Under Behind Talkies policies and guidelines, material from anonymous sources may be used only if:
- The material is information, and not opinion or speculation, and is vital to the news report.
- The information is not available except under the conditions of anonymity imposed by the source.
- The source is reliable, and in a position to have accurate information.
Behind Talkies strictly follows two statements contained in The SPJ Code of Ethics on anonymous sources:
- Identify sources whenever feasible. The public is entitled to as much information as possible on sources’ reliability.A journalist’s most important professional possession is credibility. If news consumers don’t have faith that the stories they are reading or watching are accurate and fair, or if they suspect information attributed to an anonymous source has been fabricated, then the journalists effectively lose all of their credibility. To protect their credibility and the credibility of their stories, Blasters must use every possible avenue to confirm and attribute information before relying on unnamed sources. If the only way to publish a story is to use anonymous sources, the writer owes it to the readers to identify the source as clearly as possible without exposing the identity of the individual who has been granted anonymity.
- Always question sources’ motives before promising anonymity. Clarify conditions attached to any promise made in exchange for information. Keep promises.Blasters can not take information from anonymous sources without the approval of a Behind Talkies central employee. We use information from anonymous sources to tell important stories that would otherwise go unreported.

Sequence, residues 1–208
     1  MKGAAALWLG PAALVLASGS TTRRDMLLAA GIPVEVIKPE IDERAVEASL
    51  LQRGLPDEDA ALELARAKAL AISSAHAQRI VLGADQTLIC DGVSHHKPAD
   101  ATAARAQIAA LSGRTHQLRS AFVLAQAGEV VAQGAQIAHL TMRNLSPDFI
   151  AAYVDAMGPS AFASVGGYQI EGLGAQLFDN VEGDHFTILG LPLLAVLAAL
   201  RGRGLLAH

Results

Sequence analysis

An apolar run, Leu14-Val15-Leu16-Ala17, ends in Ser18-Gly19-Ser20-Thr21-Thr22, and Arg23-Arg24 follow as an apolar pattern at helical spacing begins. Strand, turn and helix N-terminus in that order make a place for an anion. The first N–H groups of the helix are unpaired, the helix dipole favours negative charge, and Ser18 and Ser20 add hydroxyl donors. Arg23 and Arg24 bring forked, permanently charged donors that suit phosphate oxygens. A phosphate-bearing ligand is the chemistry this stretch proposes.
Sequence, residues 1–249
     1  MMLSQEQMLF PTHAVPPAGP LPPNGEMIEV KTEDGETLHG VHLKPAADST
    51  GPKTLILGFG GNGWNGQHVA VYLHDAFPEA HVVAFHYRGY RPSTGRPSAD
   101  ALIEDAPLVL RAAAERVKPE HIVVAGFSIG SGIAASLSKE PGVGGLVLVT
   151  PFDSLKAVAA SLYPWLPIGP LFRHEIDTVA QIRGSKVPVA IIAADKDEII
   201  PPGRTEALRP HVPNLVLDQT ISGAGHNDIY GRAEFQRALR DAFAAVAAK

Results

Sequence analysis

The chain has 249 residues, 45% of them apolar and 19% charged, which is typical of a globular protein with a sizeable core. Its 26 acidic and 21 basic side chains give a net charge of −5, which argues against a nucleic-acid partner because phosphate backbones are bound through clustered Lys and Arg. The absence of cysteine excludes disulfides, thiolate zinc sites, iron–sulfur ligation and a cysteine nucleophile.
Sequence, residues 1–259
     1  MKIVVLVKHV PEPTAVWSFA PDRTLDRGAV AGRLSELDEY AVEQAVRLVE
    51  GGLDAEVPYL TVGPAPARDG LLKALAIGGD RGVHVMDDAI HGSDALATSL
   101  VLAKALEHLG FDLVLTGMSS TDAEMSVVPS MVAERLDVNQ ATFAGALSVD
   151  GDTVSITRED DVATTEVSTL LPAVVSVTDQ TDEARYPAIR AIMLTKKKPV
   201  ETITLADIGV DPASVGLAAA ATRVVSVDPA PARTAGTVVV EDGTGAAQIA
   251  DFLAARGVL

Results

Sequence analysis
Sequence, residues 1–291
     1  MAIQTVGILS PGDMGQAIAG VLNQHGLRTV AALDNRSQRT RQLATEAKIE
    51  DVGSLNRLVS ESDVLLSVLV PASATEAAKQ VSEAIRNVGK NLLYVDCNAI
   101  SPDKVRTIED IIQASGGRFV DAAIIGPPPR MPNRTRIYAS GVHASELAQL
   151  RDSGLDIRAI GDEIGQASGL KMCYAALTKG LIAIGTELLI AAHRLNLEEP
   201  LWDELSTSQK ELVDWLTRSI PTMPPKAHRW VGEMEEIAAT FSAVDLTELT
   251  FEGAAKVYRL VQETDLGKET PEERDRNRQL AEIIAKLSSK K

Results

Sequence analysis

The decision to use an anonymous source is not a decision made solely by the Blaster. To use an anonymous source, the Blaster must have the written consent of a Behind Talkies editorial team member.
A Behind Talkies editorial team member will grant consensus if the source is considered to be credible and reliable, and if there is substantial journalistic justification for using the source’s information without attribution. This requires deciding whether it is editorially justifiable to let the source speak anonymously, and having confidence that the source is in fact the same one mentioned in the content and is justified as reliable to speak on the information in question. Behind Talkies should never be in the position of having to verify these factors after a story has been broadcasted or published.